Should I let contractor settle our dispute by doing more work on my home?

Should you trust the same contractor who messed up the repair or improvement in the first place to redo it?

Question

A few months ago, I hired a contractor for $1,000 to redo the tiling in my kitchen. I asked for a specific light blue tile, and also asked that the project be completed within three weeks. He promised that it would be.

Two months went by before the project was finished, and only then did I discover that he used the wrong tile! It’s white instead of blue, and appears to chip very easily.

I was about to sue him to get my money back, but then he offered to fix his work and also do some additional work around my house at no cost. Should I accept his offer, or sue?

Answer

One of the advantages to settling a dispute outside of court is that you can craft creative solutions. While a small claims judge could only award money damages, you can negotiate with your contractor for other types of compensation – here, additional construction work.

The problem, of course, is that you don’t have much basis to have faith in your contractor. It seems as if he ignored your oral agreement in three important ways: first, he used lower-quality materials than you expected; second, he installed the wrong color tile; and third, he took about twice as long to finish the job as you originally negotiated. You need to consider: Is this actually someone whom you want to do additional work on your home? What prevents the same types of miscommunications from reoccurring? Remember the old adage, “Fool me once, shame on you, fool me twice…”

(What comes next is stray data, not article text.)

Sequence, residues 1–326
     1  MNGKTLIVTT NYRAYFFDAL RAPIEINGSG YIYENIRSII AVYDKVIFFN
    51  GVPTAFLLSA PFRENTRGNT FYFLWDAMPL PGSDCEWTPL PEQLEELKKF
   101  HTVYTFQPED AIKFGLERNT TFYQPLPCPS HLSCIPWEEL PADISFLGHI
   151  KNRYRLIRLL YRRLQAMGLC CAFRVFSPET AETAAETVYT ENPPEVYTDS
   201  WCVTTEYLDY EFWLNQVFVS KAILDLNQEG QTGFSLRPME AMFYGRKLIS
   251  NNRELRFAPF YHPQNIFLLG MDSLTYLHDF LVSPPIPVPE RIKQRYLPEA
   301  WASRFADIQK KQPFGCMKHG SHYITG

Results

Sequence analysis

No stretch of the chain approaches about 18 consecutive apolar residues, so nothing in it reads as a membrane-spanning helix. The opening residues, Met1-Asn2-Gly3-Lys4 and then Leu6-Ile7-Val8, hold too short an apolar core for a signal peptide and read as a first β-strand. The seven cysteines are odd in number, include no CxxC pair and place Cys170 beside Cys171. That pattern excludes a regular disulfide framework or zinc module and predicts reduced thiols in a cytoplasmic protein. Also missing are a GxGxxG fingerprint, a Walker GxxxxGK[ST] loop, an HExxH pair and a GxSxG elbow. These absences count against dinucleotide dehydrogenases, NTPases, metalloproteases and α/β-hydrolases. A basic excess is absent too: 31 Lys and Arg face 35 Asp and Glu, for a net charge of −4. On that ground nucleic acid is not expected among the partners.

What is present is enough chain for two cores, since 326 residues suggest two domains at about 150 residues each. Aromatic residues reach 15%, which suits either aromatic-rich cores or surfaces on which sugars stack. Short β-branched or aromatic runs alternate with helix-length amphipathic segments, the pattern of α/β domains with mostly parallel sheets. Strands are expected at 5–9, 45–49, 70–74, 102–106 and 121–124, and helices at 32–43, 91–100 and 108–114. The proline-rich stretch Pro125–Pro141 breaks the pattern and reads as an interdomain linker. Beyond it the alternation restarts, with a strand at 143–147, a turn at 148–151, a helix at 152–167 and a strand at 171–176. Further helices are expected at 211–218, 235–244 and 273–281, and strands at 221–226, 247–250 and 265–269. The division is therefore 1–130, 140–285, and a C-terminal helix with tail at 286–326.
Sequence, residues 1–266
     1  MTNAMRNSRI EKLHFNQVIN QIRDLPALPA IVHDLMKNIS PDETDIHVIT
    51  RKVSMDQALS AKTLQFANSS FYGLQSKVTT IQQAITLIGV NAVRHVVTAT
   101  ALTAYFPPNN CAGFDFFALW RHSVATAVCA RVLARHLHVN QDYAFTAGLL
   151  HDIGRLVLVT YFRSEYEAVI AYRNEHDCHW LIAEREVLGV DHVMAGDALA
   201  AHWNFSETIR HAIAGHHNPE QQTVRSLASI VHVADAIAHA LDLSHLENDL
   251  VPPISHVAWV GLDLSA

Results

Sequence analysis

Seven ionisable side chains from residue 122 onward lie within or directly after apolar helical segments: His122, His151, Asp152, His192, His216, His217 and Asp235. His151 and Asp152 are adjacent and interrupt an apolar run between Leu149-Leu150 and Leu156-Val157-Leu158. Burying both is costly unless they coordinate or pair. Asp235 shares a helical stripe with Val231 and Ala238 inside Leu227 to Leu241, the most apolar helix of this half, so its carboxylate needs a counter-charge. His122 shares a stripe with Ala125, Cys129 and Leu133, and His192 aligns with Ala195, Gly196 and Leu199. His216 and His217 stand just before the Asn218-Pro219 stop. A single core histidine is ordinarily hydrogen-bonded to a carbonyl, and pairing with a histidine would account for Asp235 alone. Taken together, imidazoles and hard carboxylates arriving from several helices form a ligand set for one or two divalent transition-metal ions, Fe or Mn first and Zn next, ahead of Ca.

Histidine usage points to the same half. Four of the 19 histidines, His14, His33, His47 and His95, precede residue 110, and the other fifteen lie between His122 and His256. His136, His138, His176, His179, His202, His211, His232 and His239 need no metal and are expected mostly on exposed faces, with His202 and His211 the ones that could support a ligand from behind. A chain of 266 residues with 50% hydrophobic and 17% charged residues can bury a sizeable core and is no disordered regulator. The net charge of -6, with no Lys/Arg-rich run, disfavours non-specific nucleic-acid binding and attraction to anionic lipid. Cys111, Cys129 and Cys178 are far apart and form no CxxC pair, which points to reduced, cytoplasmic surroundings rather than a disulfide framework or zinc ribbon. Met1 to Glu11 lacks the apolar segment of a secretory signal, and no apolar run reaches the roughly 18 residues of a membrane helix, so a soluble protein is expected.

If you ultimately decide that you do want to accept his offer, consider what happens if he fails to perform, and take steps to protect yourself accordingly.

Instead of relying on an oral agreement – which can easily devolve into a "he said/she said" battle in court – you should put pen to paper. Tell your contractor that you’ll accept his terms, but that he needs to make his promises in writing, with specific details and deadlines.

The contract need not be drafted by an attorney; a simple Word document articulating the key terms of the deal with a signature for both you and your contractor (and/or your contractor’s business entity name) is sufficient.

The key terms would include: the total price, the schedule of payment, the scope of work, any specifics regarding the materials or labor, and the schedule the contractor agrees to maintain. (See Nolo's article, "Sign a Contract When Hiring a Home Improvement Contractor," for details.)

You should also include a clause specifically stating that if the terms of this contract are not met, you reserve all rights to sue your contractor for the original failed tiling project, in addition to any additional damage he causes.

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